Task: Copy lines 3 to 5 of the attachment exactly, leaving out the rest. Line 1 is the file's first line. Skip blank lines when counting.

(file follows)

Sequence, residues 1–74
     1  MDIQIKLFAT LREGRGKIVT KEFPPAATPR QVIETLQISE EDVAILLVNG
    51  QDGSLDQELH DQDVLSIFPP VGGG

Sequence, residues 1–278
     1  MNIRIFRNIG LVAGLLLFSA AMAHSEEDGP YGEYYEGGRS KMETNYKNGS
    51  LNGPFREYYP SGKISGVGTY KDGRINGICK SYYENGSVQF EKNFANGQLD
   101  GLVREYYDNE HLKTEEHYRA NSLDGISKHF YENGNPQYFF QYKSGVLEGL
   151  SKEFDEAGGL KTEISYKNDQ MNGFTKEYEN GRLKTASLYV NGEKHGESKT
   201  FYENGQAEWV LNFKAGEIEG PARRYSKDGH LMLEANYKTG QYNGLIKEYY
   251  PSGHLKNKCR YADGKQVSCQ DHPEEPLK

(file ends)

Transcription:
    51  QDGSLDQELH DQDVLSIFPP VGGG

Sequence, residues 1–278
     1  MNIRIFRNIG LVAGLLLFSA AMAHSEEDGP YGEYYEGGRS KMETNYKNGS